When General Motors was on the verge of bankruptcy, cuts were made to salaried workers' pay and benefits. The move was important to help preserve as much cash as possible while also showing the federal government and the United Auto Workers that everybody in the company was making a sacrifice. Some might even say that salaried employees sacrificed more than others, as thousands were given pink slips and all lost health care benefits after age 65.
After bankruptcy, The General restored the seven percent pay cuts, and now the company is reportedly restoring merit pay increases for 2010. The Detroit News reports that GM told employees before they left for Christmas break that merit pay was being restored; likely a nice bit of news at the end of a very depressing year.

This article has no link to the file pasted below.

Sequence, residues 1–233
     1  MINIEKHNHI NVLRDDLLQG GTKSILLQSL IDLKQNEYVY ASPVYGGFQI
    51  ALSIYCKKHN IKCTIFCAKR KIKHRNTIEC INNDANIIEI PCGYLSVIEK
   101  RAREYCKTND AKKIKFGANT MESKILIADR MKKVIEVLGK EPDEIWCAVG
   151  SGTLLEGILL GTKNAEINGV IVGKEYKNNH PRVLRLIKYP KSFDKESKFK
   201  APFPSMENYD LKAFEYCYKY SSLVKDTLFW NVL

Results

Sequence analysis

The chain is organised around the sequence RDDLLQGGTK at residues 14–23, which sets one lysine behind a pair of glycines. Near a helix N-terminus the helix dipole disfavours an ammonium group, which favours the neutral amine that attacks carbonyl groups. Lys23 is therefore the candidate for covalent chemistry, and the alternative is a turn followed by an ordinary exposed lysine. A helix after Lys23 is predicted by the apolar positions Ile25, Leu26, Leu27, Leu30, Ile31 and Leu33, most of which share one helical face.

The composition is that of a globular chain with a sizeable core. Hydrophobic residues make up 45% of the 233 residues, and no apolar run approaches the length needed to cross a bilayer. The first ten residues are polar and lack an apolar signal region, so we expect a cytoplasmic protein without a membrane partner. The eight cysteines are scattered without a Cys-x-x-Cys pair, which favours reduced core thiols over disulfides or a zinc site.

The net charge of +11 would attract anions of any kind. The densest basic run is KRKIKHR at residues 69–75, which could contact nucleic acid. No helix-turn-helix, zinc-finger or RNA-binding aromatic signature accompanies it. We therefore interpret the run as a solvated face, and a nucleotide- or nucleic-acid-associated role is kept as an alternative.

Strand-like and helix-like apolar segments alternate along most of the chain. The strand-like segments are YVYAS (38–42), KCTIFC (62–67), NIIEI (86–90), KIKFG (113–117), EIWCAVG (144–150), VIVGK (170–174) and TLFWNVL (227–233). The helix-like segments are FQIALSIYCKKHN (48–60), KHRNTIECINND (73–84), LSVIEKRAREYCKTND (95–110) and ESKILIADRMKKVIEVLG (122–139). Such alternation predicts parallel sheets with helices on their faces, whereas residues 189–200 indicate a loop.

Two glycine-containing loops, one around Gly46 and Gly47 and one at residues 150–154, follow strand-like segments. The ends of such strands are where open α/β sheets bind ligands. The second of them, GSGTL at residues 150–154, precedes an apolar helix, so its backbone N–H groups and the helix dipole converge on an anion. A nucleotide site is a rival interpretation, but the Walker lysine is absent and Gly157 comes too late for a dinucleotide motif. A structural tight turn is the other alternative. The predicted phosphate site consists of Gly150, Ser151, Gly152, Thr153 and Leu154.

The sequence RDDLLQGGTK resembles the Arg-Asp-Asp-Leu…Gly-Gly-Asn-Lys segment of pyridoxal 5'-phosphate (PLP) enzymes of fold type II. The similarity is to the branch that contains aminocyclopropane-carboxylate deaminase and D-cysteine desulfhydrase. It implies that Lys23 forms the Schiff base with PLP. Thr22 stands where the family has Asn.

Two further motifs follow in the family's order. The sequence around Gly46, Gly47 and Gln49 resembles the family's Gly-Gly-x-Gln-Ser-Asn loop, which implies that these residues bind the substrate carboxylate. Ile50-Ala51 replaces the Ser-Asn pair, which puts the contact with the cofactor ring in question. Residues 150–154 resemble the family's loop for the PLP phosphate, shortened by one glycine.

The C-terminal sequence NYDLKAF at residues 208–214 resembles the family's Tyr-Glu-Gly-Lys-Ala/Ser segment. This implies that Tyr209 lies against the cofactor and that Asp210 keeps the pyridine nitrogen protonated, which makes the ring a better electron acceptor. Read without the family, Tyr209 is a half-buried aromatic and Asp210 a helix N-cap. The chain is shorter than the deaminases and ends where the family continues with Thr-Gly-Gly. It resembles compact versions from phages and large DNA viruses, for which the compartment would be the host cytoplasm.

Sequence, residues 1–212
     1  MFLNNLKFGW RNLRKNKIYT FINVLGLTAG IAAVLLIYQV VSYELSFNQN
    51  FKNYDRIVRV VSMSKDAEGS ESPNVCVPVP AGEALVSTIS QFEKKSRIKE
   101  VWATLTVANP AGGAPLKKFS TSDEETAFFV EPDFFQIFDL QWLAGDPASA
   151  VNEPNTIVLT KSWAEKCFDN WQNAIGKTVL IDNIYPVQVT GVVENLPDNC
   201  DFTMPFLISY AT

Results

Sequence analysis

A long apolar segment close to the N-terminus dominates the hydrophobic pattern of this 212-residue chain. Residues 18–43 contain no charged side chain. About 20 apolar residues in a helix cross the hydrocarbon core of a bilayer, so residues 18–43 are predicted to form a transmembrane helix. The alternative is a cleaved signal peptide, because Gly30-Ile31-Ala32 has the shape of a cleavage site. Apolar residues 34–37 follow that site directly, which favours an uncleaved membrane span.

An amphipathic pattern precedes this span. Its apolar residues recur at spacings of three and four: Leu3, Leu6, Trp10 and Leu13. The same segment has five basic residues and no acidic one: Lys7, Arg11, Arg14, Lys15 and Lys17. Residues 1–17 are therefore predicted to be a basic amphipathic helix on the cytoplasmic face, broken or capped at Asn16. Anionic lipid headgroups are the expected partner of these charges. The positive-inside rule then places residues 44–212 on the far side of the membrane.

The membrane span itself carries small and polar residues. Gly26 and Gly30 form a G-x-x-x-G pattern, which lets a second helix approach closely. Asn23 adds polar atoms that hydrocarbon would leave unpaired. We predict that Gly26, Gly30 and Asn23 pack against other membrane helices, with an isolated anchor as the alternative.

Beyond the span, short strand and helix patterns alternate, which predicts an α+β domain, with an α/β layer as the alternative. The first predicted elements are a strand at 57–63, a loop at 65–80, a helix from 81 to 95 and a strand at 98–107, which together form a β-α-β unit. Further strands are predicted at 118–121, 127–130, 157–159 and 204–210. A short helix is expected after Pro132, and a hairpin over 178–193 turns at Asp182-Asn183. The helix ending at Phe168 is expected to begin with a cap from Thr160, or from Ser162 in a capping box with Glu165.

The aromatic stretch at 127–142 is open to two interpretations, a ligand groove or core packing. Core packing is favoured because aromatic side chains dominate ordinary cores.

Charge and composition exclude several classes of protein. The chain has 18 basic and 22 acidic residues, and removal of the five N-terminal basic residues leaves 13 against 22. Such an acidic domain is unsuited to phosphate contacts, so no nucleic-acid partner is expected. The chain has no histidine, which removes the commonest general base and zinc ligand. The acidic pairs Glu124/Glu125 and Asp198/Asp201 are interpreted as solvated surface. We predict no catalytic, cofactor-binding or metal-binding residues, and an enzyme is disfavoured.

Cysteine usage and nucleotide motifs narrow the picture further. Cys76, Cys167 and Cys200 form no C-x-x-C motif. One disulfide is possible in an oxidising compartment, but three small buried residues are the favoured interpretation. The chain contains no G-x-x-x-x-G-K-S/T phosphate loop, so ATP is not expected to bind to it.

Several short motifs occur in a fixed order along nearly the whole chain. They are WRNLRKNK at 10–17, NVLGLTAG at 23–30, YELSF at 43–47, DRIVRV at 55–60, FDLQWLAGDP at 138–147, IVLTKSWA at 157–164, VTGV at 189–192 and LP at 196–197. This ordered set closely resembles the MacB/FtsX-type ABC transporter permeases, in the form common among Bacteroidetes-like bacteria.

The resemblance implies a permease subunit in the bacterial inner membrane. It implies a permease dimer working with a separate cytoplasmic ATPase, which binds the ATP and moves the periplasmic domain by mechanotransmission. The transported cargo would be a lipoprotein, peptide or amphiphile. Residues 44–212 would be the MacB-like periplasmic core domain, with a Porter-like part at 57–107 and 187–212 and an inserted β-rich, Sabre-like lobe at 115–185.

Joe Phillippi of AutoTrends Consulting Inc. in Short Hills, NJ tells the DetNews that the move was necessary to help GM retain its best workers, adding "Given the number of departures they've had, particularly senior people taking retirements or buyouts, you run the risk of a lot of brain drain and losing institutional knowledge."

[Source: The Detroit News]

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